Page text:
Winklevoss Technologies LLC filed a UDRP against the domain WinTech.com, which was registered in 1999.
According to the UDRP at the National Arbitration Forum, the Complainant has rights to the WINTECH mark based upon multiple registrations with the United States Patent and Trademark Office (“USPTO”) (e.g. Reg. No. 2,145,935, registered Mar. 24, 1998).
The Respondent was represented by Ari Goldberger of ESQwire.com :
“Respondent contends the disputed domain name should not be considered to be identical to Complainant’s mark, as it consists of a descriptive combination of “win,” for (Microsoft) Windows, and “tech” for technology. The word “win” may also have a meaning derived from the English verb “win.” Respondent also points to extensive third-party use of the term WINTECH that is completely unrelated to Complainant as further evidence of the common descriptive nature of the term.
Respondent does have a legitimate interest in the disputed domain name. Respondent is a registrant of many common word domains and purchased <wintech.com> due to its inherent value as a descriptive term. Respondent’s business of investing in domain names amounts to a legitimate interest as Respondent did not target Complainant or its marks in registering the disputed domain name.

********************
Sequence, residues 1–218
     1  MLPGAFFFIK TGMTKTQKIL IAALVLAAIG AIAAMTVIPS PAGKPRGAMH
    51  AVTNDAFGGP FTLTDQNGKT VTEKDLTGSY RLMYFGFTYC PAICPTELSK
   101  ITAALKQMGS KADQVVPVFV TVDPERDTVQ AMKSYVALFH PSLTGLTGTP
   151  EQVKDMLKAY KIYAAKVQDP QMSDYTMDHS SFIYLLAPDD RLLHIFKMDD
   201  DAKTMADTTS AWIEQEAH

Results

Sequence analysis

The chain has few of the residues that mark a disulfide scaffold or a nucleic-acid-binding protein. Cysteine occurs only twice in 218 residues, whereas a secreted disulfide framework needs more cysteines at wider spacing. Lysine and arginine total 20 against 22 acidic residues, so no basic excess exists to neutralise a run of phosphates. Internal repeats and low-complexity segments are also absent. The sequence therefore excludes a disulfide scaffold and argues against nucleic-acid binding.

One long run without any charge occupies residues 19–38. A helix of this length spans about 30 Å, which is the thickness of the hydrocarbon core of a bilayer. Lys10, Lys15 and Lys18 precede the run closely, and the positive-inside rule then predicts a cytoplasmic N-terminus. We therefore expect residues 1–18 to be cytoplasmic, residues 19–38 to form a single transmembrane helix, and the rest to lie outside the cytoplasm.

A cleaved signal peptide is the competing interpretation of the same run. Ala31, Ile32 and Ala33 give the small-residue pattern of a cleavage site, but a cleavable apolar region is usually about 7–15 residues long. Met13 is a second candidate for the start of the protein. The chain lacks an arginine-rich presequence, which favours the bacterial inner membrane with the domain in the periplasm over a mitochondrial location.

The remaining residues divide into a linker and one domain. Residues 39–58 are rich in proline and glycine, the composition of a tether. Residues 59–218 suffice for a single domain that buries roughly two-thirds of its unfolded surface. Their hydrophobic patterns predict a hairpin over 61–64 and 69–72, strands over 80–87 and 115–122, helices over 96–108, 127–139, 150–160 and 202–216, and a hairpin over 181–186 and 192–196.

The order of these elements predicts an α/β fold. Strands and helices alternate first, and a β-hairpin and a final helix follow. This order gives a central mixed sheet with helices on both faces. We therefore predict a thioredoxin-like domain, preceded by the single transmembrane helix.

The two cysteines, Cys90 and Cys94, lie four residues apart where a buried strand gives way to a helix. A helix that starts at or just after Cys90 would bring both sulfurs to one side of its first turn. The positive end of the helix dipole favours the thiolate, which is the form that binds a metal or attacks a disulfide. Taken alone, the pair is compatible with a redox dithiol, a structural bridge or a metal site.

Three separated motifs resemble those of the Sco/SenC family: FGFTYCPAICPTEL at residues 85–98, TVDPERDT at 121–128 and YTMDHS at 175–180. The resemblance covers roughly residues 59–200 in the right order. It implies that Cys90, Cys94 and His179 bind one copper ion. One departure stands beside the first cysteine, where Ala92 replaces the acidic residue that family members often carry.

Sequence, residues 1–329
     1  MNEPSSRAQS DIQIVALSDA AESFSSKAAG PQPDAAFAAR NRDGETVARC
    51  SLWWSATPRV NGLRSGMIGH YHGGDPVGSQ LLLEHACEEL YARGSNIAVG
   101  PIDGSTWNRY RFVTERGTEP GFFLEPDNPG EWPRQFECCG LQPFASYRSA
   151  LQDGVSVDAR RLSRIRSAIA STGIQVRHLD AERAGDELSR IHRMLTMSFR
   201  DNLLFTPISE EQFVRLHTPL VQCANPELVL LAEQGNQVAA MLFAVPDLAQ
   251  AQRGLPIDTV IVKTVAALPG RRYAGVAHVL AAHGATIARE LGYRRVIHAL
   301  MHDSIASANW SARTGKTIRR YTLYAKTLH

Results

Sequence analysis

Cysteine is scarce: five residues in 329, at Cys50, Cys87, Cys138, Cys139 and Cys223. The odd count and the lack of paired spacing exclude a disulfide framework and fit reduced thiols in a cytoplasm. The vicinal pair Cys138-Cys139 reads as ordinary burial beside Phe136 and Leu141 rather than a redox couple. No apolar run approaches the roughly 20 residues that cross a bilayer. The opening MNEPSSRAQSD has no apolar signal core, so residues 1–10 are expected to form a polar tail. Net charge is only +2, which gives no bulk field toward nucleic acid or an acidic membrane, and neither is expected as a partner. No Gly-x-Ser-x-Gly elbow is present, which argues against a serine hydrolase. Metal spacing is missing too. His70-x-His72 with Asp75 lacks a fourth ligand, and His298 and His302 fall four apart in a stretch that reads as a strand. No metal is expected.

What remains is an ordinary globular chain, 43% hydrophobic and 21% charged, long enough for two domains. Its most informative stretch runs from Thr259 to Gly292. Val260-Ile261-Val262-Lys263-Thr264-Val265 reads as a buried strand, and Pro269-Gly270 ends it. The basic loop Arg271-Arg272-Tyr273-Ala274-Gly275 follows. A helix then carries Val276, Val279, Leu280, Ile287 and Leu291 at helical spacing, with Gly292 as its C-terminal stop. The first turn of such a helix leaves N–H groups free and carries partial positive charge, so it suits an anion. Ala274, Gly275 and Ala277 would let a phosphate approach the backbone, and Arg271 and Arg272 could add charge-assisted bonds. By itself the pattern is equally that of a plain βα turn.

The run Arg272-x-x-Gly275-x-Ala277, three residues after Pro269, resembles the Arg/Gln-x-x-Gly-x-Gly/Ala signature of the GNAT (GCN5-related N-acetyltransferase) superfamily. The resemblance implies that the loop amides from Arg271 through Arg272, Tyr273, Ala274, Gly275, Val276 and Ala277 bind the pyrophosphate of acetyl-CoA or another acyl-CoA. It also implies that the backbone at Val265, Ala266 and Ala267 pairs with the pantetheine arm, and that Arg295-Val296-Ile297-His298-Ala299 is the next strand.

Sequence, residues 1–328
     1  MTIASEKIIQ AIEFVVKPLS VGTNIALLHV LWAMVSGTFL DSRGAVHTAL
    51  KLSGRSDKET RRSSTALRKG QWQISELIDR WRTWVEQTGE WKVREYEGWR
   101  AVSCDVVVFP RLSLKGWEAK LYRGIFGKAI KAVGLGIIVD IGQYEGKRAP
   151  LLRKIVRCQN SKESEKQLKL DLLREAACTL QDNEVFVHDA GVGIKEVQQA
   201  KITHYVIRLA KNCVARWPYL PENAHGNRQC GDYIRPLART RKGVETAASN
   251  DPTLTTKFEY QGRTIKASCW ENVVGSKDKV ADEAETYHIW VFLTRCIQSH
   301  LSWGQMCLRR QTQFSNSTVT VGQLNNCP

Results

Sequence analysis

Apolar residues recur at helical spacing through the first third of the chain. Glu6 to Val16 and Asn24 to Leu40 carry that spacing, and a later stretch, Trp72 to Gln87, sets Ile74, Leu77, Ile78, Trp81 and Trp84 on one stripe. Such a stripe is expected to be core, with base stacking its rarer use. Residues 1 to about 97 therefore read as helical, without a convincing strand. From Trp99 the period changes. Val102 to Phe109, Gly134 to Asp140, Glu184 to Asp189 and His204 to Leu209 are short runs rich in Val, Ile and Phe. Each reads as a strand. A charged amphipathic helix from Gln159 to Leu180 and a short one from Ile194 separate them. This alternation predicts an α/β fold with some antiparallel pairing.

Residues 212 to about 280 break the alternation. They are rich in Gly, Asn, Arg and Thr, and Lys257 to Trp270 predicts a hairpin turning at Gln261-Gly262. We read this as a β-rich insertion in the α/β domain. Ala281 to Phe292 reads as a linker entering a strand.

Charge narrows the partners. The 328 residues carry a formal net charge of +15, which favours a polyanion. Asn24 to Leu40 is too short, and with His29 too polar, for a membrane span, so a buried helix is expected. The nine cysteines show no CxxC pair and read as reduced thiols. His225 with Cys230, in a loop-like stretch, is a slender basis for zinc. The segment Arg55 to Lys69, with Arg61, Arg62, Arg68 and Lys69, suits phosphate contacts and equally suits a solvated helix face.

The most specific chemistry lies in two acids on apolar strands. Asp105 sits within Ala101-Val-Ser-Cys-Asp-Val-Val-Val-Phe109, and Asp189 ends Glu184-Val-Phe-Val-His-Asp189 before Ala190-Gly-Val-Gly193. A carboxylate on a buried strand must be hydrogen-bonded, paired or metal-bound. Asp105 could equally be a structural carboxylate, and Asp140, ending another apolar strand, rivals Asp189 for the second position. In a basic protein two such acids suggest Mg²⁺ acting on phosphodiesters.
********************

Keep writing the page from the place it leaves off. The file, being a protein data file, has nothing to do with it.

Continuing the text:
Respondent also did not register or use <wintech.com> in bad faith. Since the disputed domain name consists of common words and Respondent had no knowledge of Complainant prior to receiving its cease and desist letter, it is clear Respondent did not target Complainant.
Additionally, Respondent claims that the delay of seventeen years from its registration of the disputed domain name to the initiation of this proceeding has prejudiced Respondent and bars the Complaint under the doctrine of laches. Further, Complainant has abused this administrative proceeding when it filed this claim and a finding of reverse domain name hijacking should be awarded against Complainant.”
A three member panel, consisting of Jaime Delgado, Neil Anthony Brown and Michael A. Albert found no evidence of registration in bad faith or use in bad faith. With that in mind, there was no consideration of whether the doctrine of laches should apply.
Despite the Respondent’s request, no finding of Reverse Domain Name Hijacking was delivered, but the domain was ordered to remain with the Respondent.
Note : ESQwire.com is a premium sponsor of DomainGang.com; this report was acquired directly from NAF and does not constitute a promotional article.
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